Beyond its traumatic impact on individuals, punitive psychiatry can be used to tarnish the reputation of environmental movements and sow fright among the engaged public, especially as Russia’s psychiatric system is even more closed than its penal system, Servetnik said.

“What happens to people there is completely unclear. The restriction of freedom, isolation, and the risks of medical intervention undoubtedly paralyze many people,” he said.

“People who have undergone [forced psychiatric treatment] are not ready to talk about it. And one of the individuals we spoke to said that it's a hundred times better to end up in pre-trial detention again than to go to [a psychiatric hospital].”

Similar to the Soviet era, when diagnoses of “sluggish schizophrenia” were used to explain why a person might disagree with the state, Kuzmina now faces the prospect of being forcefully placed in a psychiatric facility.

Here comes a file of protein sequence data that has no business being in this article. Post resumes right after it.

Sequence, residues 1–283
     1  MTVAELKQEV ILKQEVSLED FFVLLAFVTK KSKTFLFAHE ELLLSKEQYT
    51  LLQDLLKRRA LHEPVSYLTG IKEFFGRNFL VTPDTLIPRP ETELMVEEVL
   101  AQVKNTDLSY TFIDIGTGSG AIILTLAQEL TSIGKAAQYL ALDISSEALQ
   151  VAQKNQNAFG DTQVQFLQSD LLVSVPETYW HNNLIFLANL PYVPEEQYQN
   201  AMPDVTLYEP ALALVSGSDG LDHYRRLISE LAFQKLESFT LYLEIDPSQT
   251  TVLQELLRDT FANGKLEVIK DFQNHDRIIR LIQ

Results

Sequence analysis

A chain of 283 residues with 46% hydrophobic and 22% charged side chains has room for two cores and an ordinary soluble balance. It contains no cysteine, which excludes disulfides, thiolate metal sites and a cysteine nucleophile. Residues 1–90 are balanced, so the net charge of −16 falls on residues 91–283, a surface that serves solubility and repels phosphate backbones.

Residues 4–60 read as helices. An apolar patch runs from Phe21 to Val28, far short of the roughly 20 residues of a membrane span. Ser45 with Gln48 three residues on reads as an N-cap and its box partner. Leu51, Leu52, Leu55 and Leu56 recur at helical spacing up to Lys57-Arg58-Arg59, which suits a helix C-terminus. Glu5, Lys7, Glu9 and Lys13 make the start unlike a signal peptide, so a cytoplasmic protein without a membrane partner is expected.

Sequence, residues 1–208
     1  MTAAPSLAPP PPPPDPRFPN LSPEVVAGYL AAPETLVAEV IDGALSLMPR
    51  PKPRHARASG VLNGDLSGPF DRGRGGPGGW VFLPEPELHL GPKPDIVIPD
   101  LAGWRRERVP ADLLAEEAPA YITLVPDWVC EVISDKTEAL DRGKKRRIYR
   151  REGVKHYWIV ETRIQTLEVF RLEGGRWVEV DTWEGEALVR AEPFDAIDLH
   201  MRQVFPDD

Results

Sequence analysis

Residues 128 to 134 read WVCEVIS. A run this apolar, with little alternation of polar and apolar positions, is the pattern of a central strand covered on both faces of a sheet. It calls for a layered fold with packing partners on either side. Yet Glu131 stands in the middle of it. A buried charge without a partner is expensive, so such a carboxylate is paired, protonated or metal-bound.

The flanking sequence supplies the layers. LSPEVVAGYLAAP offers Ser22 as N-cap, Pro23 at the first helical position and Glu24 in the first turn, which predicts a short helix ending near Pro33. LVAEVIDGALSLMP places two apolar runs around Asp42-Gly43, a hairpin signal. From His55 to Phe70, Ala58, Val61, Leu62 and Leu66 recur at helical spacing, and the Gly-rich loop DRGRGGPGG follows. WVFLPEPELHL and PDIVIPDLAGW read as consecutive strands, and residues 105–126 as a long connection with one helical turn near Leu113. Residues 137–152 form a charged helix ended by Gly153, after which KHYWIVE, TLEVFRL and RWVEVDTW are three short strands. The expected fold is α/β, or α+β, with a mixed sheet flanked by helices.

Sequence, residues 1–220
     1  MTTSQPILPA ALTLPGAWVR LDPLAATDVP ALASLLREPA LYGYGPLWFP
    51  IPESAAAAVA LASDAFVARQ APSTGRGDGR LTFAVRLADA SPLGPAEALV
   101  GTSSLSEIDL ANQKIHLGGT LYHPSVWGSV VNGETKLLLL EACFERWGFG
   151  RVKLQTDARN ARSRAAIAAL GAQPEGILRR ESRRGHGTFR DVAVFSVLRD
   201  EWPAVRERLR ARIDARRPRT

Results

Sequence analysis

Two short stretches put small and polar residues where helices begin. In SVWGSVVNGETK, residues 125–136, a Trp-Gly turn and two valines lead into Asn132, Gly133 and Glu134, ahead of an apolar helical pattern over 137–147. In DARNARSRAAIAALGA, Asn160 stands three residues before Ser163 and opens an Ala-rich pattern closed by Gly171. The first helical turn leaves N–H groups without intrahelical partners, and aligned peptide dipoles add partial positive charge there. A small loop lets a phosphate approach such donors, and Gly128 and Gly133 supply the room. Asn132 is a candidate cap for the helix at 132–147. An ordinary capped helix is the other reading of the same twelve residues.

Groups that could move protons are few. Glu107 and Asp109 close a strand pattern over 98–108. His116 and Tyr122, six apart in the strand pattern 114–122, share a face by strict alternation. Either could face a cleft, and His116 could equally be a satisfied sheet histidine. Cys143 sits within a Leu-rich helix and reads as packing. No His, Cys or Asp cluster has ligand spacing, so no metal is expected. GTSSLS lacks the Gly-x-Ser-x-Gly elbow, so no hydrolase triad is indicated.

"[In Soviet times] they held healthy people for decades, it was just necessary to prove that these people disagreed with the authorities because they were psychos. Because a normal person could not disagree with such a wonderful government,” Kuzmina said. 

“The same exact thing is happening now, except here it's not the authorities, but gangster anarchy."

While Kuzmina’s case is currently being considered by the higher court on appeal, not providing her much hope for a different ruling, the activist gives the impression of a person determined to defend her rights and her home until the end — even as she faces potential hospitalization and an uncertain future.

“I do not know what will happen next. To be honest, I cannot even imagine. I live each day in the present, and beyond that, I have no idea.”